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NHS Computer System Fiasco Developing? (15 Nov 2005)
The Sunday Times of 13 November 2005 reports that leaked Whitehall e-mails indicate the £20M NHS 'Choose and Book' computer project, that is central to UK health service reforms, is in "grave" danger of being "derailing” the overall £6.2bn national health IT programme (NPfIT).

The warning is attributed to Richard Granger, the civil servant in charge of what is called the world's biggest civil information technology project. When it is fully operational the system is designed to make up to 9.5 million hospital appointments a year. 

To date trials have seriously underperformed with only about 20,000 appointments having been made by patients and their GPs as against the ‘target’ level of 250,000 by December 2004. 

In the e-mail exchanges of last September the blame is placed on a senior civil servant for authorising repeated last-minute changes and a failure to heed advice from above.

The Sunday Times article notes that while Sir Nigel Crisp, the NHS chief executive, admit ted to the Commons health select committee two weeks ago that the booking system was at least a year behind schedule he failed to mention that the delay was having a serious impact on the entire project.

According to ComputerWeekly another leaked e-mail from the chief operating officer at Connecting for Health indicates that the nationaL spine release programme has been "reprofiled' of . This element of NPfIT is a key component intended to deliver electronic medical records nationally.


It could all be seen unfolding long ago:

The following letter was submitted to Sir John Bourne, the Comptroller and Auditor General of the National Audit Office on 10 January 2005 by Trevor Hilder* and colleagues:

"As far as we can tell this project is set to fail in the same way as numerous national IT projects have in recent years, principally because of inadequate requirements investigation. All successful implementations of IT systems have one thing in common – they meet the needs, and take account of the values, of the people who will use them. This is only possible where the requirements are properly understood and the key to this is an in-depth understanding of the work activities of those people. Such an understanding cannot be obtained without very careful study of real people doing their day-to-day work.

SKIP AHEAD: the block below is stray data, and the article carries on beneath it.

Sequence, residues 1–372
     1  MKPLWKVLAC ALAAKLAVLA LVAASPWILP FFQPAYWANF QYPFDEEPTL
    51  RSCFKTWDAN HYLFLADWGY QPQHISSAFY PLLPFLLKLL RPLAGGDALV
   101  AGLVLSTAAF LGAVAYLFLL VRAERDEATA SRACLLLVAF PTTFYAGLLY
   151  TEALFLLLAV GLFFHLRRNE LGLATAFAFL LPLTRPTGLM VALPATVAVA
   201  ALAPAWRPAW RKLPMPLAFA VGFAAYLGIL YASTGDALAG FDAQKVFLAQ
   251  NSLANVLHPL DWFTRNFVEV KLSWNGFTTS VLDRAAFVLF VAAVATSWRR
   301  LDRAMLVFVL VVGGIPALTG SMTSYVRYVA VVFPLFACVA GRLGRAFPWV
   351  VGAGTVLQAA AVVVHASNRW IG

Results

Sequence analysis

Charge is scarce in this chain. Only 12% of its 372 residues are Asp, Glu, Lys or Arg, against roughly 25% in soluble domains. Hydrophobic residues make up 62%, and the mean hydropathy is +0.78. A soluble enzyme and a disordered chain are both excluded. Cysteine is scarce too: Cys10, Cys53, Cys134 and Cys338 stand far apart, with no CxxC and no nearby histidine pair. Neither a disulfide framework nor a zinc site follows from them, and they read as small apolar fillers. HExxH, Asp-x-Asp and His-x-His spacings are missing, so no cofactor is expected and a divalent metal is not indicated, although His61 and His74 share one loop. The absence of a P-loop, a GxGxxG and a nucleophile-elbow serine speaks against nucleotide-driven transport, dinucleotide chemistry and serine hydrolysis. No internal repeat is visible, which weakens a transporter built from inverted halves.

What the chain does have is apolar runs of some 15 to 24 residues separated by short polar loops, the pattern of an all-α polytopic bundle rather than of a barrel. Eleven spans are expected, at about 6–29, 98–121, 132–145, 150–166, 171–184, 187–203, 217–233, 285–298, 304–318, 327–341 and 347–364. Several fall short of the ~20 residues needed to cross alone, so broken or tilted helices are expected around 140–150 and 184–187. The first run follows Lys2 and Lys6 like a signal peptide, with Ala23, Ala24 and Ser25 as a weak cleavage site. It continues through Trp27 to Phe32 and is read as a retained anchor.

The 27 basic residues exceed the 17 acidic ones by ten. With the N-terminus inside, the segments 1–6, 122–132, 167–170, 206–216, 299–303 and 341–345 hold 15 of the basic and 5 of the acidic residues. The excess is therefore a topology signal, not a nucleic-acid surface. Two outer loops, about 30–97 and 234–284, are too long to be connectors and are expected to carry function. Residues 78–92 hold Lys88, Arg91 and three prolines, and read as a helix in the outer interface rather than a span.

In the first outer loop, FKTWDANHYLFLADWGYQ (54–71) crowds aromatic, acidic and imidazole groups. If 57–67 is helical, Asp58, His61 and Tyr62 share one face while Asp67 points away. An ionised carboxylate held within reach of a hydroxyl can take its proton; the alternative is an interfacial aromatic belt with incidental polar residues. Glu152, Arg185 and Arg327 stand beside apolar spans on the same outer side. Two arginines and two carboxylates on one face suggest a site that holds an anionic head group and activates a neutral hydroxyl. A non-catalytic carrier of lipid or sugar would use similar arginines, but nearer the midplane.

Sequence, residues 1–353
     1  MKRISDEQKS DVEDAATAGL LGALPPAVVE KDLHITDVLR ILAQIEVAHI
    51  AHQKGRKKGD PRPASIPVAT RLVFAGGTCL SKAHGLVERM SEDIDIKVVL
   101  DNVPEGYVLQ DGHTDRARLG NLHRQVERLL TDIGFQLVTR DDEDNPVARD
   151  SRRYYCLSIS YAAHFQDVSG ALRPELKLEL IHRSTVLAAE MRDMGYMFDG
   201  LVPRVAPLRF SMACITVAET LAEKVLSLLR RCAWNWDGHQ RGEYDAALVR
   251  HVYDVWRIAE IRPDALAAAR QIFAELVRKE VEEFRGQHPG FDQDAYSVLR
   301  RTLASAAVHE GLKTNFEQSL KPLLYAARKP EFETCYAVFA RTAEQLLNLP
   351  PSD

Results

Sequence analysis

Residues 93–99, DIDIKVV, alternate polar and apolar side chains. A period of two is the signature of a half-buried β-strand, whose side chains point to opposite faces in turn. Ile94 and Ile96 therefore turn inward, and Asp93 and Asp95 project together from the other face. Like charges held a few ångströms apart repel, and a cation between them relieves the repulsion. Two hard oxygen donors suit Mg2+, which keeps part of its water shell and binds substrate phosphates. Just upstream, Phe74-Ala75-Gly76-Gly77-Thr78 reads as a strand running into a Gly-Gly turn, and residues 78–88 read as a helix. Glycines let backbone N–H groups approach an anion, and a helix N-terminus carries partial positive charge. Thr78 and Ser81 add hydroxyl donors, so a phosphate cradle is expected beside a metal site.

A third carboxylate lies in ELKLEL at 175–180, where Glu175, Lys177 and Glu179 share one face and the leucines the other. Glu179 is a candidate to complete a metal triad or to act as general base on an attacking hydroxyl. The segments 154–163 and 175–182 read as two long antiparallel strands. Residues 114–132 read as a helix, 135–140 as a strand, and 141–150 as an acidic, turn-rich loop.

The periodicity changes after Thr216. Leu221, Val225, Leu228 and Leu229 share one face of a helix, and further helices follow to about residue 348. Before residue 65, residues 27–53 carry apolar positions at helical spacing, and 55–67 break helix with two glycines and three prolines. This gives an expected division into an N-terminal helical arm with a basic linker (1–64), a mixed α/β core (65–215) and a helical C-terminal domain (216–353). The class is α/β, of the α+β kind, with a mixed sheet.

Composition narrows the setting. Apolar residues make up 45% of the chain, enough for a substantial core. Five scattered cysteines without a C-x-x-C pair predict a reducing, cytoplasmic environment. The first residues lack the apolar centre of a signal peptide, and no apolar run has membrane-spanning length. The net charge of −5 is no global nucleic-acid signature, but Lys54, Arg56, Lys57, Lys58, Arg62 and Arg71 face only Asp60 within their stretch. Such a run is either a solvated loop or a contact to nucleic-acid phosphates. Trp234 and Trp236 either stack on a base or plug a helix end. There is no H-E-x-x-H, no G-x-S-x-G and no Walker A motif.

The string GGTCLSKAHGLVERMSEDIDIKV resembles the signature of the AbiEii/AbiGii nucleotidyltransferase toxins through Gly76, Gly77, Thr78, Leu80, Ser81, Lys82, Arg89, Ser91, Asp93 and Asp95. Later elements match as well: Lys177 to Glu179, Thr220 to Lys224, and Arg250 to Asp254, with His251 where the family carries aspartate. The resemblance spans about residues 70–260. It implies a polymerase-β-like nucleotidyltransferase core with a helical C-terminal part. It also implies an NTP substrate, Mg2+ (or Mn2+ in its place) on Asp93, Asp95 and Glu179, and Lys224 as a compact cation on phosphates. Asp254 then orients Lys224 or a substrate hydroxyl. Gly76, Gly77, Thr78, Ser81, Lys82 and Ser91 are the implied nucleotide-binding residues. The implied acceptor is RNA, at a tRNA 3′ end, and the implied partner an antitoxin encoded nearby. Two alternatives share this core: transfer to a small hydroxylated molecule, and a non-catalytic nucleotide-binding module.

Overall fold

"This aspect of requirements definition is a highly skilled activity, but it is also relatively inexpensive, because it requires only a small number of experts to carry it out. If this is done successfully, the risk of later failure is massively reduced. On the other hand, if this activity is neglected, the failure of the project is practically guaranteed. Such failure follows a well-understood pattern, which has been characterized by the engineering expert William Livingston as “The Universal Scenario of Project Failure”

"Oviously, the requirements need to be defined before inviting suppliers to submit tenders for carrying out the work.We can see no evidence that any such study of the requirements was carried out before going to tender. 
Recent independent research.....lends support to our view. In particular, there appears to have been no GP or other user consultation prior to producing a specification, against which contracts could be allocated. Existing software systems (EMIS and others) have been discarded by the NPfIT without any clear statement of their failures and very much against the wishes of their large number of current users. It appears that the NPfIT has taken the “Big Bang” approach to IT projects, which is the equivalent of building a ‘standard’ road, irrespective of where it is being built, then trying to dynamite the landscape to match the road, when the failure of the project starts to be noticed.
"There are those in the IT profession who believe that there is nothing particularly technically challenging in NPfIT, if a common-sense approach to it is taken, and who consider that, for example, the Care Records System, containing about 50 million patient records, is not even a very large database. Yet current estimates of the total cost of NPfIT over ten years range from £18 billion to over £30 billion. If these beliefs are correct then, and had the project been conducted in accordance with the research mentioned above it could easily be carried out for a fraction of this cost.
A proper investigation, along the lines we are suggesting, would prove the case one way or the other." 
Signed by: 
Trevor Hilder, B.A. (Hons) for & on behalf of the following:
Geoffrey M Boult, M.A., MSc.
Aidan Ward, M.A., C.Eng.
Maggie Marum, Consultant in healthcare
Richard Veryard, MA, MSc, MBA, MBCS, CEng. Software Industry Analyst.

* Trevor Hilder of Cavendish Software Ltd  is a key proponent of the First Metre approach and serves as an advisor to MNS.